The IQ test has long been looked at to measure how smart someone is. It consists of a number of tasks measuring various measures of intelligence including short-term memory, analytical thinking, mathematical ability and spatial recognition.
A grammar-school aged young man scored higher on his IQ test than genius physicist Stephen Hawking, Microsoft founder, Bill Gates and famed scientist Albert Einstein.
Hawking, Gates and Einstein all have an IQ of 160. But Ramarni Wilfred, at age 11, scored 162, putting him in the top 1% in the UK.
Wilfred started showing signs of genius as a toddler, when his favorite book was an encyclopedia.
Now, nearly 15, Wilfred could read and write by the time he started pre-school and at the age of 10 he wrote a philosophy paper on fairness that earned him a mock graduation honors from the prestigious Oxford University.
When his class wanted to move him up a year, his mother Anthea initially objected, wanting him to grow up with other kids his age.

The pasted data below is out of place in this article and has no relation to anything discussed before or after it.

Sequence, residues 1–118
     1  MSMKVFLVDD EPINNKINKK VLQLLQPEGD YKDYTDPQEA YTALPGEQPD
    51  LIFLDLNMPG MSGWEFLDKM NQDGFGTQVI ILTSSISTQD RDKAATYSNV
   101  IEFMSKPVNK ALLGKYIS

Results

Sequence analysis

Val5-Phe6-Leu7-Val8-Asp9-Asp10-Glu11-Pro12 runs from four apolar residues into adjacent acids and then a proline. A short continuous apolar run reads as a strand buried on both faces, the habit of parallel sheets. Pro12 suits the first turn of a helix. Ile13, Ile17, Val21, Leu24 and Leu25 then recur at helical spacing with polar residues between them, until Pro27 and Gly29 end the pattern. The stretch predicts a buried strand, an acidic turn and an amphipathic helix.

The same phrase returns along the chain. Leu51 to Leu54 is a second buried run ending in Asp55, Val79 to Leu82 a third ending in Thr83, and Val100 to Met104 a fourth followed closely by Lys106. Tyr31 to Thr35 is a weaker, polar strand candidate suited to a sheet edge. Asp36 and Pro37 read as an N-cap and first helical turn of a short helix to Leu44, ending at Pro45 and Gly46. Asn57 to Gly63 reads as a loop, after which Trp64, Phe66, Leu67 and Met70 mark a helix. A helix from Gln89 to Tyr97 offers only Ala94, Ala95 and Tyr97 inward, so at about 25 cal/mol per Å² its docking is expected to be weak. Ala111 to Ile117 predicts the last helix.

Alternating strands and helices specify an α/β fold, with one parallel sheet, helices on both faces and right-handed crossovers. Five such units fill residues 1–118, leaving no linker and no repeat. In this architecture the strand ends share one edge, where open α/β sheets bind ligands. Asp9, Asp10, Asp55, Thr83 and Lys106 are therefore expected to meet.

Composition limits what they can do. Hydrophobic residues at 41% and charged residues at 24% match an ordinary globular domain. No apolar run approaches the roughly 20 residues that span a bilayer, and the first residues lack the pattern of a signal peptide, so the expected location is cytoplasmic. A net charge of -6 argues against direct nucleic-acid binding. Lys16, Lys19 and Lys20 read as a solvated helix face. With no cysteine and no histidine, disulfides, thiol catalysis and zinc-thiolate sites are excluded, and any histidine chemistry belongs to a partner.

“Soon he was telling me the Greek and Latin origins of words,” Anthea said.
“I have been asked several times today, the secret to how I raised my son to be the way he is,” continues Anthea. “My answer has been: I wish there was a secret, in which case I would gladly share it but honestly, it’s all him. He has always been very articulate and studios with an intense thirst for knowledge. He has never been interested in playing in the streets; favoring books over ball games. The same is true of my daughter who at 20yrs old, graduated from university with a B.S. in Psychology.”
“All I have done is support their interests and encourage them to follow their dreams. We enjoy cultural holidays abroad; meeting the locals and sharing their food, visiting historical places of interest instead of sitting by the pool all day. We watch meteor showers together, go fossil hunting, watch plays at the theatre and visit museums. Always seeking new experiences and finding new and alternative answers to our questions. These family outings are fun and create wonderful family memories and reward us with valuable knowledge. I would suggest everyone do these things with their children. For us it was just natural and as a single parent I relish every precious moment with my children.”
But despite his great intelligence, Rumarni is still just like many boys his age.
“He’s still just a little boy doing normal childhood stuff,” his mom says. “While he reads the New Scientist and the Sky at Night, he still plays with his dog, watches the Disney Channel and reads comics.”